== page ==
Scientific name: Zonotrichia leucophyrus

Characteristics: Most striking is the white and black stripes on the adult’s crown, with a white eyebrow line and black eye stripe. The light brown back has black stripes on the upper part and is solid brown on the lower portion and tail. The rufous-marked wings have two white wing bars. Undersides are grayish, but the throat and belly are whiter. Immature birds are similar but have reddish-brown head stripes. Adults average 6 inches in length.

Breeding: Builds a cup-shaped nest on the ground or in low vegetation. Usually lays 3-4 eggs, which the female incubates for about two weeks. Females may lay a second clutch of eggs in one season.

Range: Mostly a Western breeding species found from Alaska and Canada south to California and the Southwest, but range extends into eastern Canada. Some winter as far south as central Mexico and into the Midwest and eastern U.S. Breeds in Oregon mostly west of the Cascades and in the northeast corner; migrates through or winters in Central Oregon.

Habitat: Prefers brushy thickets over dense forests. Found along forest edges, riparian thickets, aspen stands, residential areas, and along lakes, rivers and streams.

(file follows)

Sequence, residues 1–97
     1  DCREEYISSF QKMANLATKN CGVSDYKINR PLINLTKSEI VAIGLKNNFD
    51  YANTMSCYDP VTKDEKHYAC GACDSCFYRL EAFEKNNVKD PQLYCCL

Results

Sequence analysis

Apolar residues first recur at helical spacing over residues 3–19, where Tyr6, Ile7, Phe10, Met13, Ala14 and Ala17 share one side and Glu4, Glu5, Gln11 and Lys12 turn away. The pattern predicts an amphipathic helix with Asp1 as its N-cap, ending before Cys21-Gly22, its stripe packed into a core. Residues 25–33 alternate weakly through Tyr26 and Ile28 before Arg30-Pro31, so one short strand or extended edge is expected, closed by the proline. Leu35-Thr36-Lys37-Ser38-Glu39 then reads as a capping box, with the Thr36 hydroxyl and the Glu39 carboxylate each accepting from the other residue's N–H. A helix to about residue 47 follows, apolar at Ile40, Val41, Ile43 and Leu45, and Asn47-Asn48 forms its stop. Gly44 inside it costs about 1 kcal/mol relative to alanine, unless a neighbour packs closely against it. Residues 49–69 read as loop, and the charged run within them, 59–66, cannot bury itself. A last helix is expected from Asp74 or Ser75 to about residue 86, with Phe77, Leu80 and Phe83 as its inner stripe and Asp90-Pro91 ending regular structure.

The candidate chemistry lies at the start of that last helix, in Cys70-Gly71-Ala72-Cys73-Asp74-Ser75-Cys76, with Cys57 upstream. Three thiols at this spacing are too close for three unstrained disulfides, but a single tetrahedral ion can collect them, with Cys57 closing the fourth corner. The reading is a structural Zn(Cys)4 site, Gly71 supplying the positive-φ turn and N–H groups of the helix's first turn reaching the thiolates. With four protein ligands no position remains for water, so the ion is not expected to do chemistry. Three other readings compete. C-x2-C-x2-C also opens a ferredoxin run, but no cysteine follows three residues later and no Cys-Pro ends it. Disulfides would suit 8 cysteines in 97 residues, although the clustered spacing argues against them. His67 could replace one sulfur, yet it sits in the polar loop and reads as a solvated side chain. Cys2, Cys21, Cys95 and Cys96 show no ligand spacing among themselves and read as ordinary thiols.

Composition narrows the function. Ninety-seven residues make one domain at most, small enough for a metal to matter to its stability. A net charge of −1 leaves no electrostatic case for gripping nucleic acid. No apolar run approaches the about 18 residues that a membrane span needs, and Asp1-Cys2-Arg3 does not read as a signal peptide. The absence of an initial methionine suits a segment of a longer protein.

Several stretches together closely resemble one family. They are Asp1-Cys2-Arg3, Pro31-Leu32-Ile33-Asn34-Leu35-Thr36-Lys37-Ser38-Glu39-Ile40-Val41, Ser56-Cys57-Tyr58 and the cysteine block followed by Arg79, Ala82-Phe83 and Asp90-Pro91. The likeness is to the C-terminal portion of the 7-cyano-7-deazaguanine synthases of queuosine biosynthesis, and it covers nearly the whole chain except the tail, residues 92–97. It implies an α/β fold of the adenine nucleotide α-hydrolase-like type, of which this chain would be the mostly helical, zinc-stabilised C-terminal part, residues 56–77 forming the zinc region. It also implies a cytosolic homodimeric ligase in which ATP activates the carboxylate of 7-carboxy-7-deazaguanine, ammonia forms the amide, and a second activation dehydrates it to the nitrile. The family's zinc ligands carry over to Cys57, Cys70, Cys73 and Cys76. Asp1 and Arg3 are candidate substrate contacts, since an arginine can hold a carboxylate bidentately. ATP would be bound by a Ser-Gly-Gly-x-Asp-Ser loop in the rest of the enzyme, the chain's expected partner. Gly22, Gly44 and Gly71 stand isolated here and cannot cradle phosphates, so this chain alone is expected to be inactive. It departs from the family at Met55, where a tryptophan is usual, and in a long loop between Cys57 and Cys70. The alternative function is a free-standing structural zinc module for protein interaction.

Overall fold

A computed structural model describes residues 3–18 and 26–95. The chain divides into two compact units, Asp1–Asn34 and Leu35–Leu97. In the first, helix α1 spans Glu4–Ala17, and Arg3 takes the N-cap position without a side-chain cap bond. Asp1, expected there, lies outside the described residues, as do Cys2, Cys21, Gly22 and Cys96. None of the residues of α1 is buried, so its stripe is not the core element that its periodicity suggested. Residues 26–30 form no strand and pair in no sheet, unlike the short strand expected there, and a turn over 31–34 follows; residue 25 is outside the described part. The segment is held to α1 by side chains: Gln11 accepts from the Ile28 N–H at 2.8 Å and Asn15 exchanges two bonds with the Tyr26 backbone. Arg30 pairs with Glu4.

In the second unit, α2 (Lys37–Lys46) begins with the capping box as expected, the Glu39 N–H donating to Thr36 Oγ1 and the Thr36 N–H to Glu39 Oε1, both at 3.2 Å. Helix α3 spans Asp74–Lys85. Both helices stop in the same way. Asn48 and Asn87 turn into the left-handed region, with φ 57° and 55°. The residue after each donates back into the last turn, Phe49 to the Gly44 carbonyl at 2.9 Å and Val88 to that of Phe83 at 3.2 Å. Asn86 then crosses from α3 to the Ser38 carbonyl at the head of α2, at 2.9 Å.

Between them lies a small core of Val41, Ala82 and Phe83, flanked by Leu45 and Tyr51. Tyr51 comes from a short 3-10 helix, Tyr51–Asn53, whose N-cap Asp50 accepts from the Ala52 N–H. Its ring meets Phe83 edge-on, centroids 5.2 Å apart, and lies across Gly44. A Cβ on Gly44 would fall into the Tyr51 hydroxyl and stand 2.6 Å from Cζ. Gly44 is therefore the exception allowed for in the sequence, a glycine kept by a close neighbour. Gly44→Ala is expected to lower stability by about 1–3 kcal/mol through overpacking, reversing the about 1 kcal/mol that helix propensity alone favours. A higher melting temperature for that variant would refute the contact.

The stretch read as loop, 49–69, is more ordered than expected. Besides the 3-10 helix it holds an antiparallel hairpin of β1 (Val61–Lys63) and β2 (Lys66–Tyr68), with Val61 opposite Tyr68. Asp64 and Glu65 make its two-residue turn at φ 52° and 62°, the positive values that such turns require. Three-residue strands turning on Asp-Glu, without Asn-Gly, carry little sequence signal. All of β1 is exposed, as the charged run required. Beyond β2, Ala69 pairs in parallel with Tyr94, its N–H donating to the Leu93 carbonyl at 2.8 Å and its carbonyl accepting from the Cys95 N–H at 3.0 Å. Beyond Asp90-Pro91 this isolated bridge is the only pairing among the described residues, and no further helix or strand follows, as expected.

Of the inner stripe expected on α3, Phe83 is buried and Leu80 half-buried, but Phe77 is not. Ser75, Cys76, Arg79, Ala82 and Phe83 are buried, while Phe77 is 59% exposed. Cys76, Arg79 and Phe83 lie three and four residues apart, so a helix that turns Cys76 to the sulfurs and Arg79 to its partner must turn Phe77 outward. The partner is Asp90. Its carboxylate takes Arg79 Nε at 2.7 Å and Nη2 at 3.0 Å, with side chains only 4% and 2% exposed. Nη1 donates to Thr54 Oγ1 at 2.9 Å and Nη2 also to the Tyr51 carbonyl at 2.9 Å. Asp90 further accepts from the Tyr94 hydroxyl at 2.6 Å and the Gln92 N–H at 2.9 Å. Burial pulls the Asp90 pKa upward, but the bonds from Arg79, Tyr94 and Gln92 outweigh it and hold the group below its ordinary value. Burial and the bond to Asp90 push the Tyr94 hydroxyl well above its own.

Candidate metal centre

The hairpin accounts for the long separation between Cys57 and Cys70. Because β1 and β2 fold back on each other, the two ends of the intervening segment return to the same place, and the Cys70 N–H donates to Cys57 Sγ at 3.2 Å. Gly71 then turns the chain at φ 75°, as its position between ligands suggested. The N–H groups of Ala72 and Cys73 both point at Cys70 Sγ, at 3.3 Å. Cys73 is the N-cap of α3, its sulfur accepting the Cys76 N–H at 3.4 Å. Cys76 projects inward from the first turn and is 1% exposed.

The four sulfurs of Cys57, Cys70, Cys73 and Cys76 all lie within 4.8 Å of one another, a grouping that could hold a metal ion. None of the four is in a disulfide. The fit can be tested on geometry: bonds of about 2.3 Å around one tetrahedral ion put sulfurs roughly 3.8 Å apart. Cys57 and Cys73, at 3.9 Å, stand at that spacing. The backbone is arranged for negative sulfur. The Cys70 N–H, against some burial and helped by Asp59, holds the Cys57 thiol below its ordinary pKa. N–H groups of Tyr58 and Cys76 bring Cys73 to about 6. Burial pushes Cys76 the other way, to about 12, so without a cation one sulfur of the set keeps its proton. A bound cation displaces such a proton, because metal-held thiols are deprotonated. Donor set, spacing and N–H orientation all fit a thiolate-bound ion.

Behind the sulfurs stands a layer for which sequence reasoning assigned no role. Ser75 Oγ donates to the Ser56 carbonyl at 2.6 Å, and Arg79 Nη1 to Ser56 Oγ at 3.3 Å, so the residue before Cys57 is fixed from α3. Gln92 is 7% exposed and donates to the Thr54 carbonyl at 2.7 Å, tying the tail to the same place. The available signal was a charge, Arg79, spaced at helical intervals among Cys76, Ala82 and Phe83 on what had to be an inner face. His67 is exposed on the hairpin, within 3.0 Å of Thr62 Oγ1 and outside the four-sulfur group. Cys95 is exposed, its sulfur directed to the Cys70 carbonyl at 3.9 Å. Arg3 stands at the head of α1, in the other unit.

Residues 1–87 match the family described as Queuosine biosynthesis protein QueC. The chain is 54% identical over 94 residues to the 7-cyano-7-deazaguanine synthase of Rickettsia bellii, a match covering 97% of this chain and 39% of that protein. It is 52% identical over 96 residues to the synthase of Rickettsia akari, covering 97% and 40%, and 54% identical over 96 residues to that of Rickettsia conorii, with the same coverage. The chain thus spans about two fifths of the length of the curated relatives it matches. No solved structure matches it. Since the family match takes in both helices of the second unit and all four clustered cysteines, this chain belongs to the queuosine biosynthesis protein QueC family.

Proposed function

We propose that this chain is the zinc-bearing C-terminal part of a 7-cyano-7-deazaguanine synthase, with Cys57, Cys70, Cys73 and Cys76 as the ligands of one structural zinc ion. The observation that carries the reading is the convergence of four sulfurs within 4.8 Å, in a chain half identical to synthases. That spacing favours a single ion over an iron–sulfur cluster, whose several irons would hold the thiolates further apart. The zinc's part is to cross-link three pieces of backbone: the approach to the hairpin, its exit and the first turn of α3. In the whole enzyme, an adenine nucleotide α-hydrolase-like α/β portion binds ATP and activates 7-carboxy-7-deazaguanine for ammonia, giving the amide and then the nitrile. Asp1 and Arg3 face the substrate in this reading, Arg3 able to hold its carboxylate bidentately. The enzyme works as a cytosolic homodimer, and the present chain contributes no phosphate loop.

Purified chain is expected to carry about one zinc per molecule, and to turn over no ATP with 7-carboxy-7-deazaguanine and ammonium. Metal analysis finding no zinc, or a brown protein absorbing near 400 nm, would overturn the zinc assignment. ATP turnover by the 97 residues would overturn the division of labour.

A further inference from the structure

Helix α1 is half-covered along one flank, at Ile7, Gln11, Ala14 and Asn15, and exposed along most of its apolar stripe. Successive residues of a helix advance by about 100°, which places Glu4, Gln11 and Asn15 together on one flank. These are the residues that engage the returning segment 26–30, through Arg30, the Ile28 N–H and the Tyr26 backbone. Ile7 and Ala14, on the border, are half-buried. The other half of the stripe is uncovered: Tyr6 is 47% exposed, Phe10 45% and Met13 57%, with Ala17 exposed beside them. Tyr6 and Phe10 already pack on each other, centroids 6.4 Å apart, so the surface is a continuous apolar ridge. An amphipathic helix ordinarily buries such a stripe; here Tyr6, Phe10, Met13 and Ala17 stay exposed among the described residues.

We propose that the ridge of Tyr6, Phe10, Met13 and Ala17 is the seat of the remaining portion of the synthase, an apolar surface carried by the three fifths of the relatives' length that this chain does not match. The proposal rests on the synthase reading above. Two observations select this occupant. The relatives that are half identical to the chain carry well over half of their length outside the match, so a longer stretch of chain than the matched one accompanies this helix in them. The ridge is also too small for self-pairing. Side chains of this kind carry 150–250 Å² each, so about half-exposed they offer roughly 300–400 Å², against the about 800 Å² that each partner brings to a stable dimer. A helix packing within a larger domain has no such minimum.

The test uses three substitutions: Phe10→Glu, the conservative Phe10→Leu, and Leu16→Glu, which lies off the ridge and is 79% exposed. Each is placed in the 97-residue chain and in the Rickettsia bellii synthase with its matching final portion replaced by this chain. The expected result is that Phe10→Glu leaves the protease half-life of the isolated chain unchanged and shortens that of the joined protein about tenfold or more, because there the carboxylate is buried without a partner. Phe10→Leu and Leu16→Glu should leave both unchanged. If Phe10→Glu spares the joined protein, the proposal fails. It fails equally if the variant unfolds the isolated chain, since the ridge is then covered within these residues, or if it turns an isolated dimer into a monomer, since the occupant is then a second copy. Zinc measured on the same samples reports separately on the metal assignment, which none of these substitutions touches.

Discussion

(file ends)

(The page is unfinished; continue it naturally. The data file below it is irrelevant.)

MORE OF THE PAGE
Food: Feeds on the ground or in low shrubs on insects, spiders, leaves, seeds, catkins, berries and fruits; will visit bird feeders, as well.

Comments: White-crowned sparrows have been extensively studied due to their geographic variation and song. The males feed the fledglings while the female lays a second clutch of eggs; in some southern locations the females may have up to four broods a year. Leucophyrus is from the Greek words for “white eyebrow.” Very melodious song. These birds are one of the most studied songbirds because of their singing. Males learn songs from their parents and show regional dialects. A male on the edge of its range may learn two dialects and end up being “bilingual.”

Current Viewing: City parks, backyards, Hatfield Ponds, Deschutes River, Smith Rock.

— Damian Fagan is an East Cascades Audubon Society volunteer and COCC Community Learning instructor. He can be reached at

Sources: Oregon Department of Wildlife Resources and “The Audubon Society Encyclopedia of North American Birds” by John Terres